While many of our readers already enjoy the benefits of gardening, some of you may have been waiting until you had more time to enjoy the pleasure of growing your own flowers or edibles. So, if you haven’t discovered the joys of gardening yet, we have some tips to get you started.
Why garden for health?
There are many health benefits to tending a garden. Firstly, you get to be outside in the fresh air and sunshine. The virtues of being in nature are also well documented to assist in both our physical and mental health.
Gardening is a great stress reliever. Working the soil, planting seeds or seedlings, and watching them grow gives us something else to think about and also ends in a certain level of achievement when our garden flourishes.
You might be surprised to learn that even weeding can be a good way to relax if you do it correctly. If you find bending down or kneeling difficult, get yourself a little stool that you can sit on, don your gardening gloves, grab a good weeding tool and lose yourself for half an hour pulling out those weeds. We think it’s as good as meditation.
Plus, researchers have found that a certain compound in the soil (Mycobacterium vaccae) can actually help to boost the level of serotonin in the brain. This in turn helps us to feel happier, more positive, and more relaxed.
Tip: If you’re unsure of the quality of your compost or potting mix, make sure it’s damp before you use it and wear a mask and gloves. Some inferior mixes have been reported to contain Legionella bacteria so stay safe and wash your hands thoroughly after gardening.
On top of that, gardening is a great physical activity that keeps our bodies moving without adding too much strain, unlike other types of physical activities.
Then, there are the social aspects of gardening. If you’re an avid gardener you’ll be surprised at how many people share your passion. In fact, in almost every area, both urban and regional, there are community garden groups that always welcome new members.
Getting started on your garden
You don’t need a large backyard to start your own garden. Even people who only have access to a small courtyard or a balcony can enjoy the pleasure of growing their own plants.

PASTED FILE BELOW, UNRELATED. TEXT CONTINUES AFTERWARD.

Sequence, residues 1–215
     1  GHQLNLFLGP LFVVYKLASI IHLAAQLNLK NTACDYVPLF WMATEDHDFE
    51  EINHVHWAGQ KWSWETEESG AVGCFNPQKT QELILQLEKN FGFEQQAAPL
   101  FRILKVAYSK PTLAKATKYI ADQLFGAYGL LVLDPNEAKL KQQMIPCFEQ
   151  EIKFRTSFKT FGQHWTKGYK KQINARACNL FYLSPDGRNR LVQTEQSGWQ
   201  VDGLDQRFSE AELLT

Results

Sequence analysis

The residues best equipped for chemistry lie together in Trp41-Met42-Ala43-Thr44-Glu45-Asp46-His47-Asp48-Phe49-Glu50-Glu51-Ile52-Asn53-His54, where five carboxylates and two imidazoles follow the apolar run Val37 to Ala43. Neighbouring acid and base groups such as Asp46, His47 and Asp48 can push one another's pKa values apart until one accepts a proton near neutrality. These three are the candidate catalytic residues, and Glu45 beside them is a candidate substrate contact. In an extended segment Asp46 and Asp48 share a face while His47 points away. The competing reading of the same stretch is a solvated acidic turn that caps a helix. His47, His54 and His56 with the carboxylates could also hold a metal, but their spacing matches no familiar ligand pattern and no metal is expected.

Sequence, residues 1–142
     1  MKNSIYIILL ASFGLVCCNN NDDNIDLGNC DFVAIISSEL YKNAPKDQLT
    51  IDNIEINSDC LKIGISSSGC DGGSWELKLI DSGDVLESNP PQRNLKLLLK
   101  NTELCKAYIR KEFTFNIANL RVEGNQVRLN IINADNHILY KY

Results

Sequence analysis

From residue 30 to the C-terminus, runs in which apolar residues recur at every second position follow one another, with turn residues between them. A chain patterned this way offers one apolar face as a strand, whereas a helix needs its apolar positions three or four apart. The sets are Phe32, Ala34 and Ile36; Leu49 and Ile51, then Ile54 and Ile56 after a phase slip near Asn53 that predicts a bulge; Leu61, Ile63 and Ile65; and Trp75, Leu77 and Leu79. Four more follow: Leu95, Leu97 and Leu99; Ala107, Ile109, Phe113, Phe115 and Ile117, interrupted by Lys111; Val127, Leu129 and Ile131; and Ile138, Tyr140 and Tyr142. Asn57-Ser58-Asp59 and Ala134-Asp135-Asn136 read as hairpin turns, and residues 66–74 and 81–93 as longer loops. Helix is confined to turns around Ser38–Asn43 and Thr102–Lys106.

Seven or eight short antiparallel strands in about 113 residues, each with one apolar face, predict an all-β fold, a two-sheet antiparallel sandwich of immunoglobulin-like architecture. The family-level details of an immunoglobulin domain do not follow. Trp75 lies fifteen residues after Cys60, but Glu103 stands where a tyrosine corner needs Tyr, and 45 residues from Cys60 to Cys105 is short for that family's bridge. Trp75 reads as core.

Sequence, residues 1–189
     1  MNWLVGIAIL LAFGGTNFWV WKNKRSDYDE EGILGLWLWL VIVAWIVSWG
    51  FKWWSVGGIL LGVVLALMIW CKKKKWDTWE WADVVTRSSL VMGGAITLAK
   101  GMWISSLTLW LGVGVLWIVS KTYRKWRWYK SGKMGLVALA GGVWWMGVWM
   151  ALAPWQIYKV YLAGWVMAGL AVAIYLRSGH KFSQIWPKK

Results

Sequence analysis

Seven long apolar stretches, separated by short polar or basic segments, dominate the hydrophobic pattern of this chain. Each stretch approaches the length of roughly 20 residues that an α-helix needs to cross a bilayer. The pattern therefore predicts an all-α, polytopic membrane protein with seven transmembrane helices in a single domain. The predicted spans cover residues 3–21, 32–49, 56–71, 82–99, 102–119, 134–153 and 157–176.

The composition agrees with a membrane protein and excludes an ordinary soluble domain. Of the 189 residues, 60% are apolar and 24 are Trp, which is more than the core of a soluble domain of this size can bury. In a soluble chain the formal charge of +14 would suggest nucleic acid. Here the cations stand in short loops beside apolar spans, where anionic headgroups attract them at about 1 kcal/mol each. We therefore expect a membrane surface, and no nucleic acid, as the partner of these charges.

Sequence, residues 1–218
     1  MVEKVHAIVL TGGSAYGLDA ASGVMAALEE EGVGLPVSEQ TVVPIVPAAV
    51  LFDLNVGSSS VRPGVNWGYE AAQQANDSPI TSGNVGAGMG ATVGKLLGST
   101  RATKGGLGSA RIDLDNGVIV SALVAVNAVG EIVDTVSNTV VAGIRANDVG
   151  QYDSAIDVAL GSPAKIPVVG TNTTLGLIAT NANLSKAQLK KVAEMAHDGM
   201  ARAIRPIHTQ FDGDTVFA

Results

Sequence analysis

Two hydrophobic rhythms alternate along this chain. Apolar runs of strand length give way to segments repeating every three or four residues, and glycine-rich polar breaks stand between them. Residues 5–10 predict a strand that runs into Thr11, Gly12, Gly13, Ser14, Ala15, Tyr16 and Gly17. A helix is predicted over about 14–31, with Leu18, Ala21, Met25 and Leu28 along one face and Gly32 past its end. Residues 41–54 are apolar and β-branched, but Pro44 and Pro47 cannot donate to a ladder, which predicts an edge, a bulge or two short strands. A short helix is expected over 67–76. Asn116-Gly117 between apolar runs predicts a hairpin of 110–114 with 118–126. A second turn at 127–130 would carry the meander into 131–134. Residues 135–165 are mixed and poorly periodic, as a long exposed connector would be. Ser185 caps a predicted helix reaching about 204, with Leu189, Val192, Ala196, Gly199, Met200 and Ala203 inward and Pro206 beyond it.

You don’t even have to spend hours working over the soil. These days, raised bed gardening is all the rage and this is so beneficial for older people who may have difficulty bending down or kneeling on the ground.
You can find a variety of prefabricated raised beds both online and in places like Bunnings or Mitre 10. These are easy to set up. You can place a raised bed on just about any surface including grass, pavers, or even concrete.
Once you’ve assembled your raised bed, just fill it with good quality potting mix and you’re ready to start planting. You can even install an automatic watering system so you don’t have to physically water your plants. However, even this small task can be quite relaxing.
If you don’t know what to plant in your raised bed, consider just growing some herbs and a few pretty flowers. Herbs like rosemary, parsley, oregano, thyme, and basil are all really easy to grow and you’ll have the benefit of using them in your cooking.
Or, if you like a bit of spice in your life, chillies are also easy to grow and can add some lovely bright colours to your garden. Healthy greens such as spinach, silverbeet and kale are all easy to grow and don’t require a lot of maintenance. Think of how nice it would be to just go out to your garden and harvest a few fresh greens to have for dinner.
Community gardens and garden clubs
Most areas now have community gardens or garden clubs. These organisations are usually run by volunteers and always welcome new members. This is a great way to connect with avid gardeners who can give you some expert tips.
But, it’s not just all about work and no play. Many community gardens organise days where everyone gathers to do some work in the garden and then enjoy some lively conversations over a cuppa and other light refreshments.
Plus, many of these community gardens have veggie swap days where you can swap some of your excess with other members and bring home something fresh and delicious to have for dinner.
You’ll also find that some community gardens provide food hampers for people who are doing it tough. Getting involved with one of these is a great way to help others and enjoy the company of like-minded people.
Want to learn more about making the most of your next 30 years?
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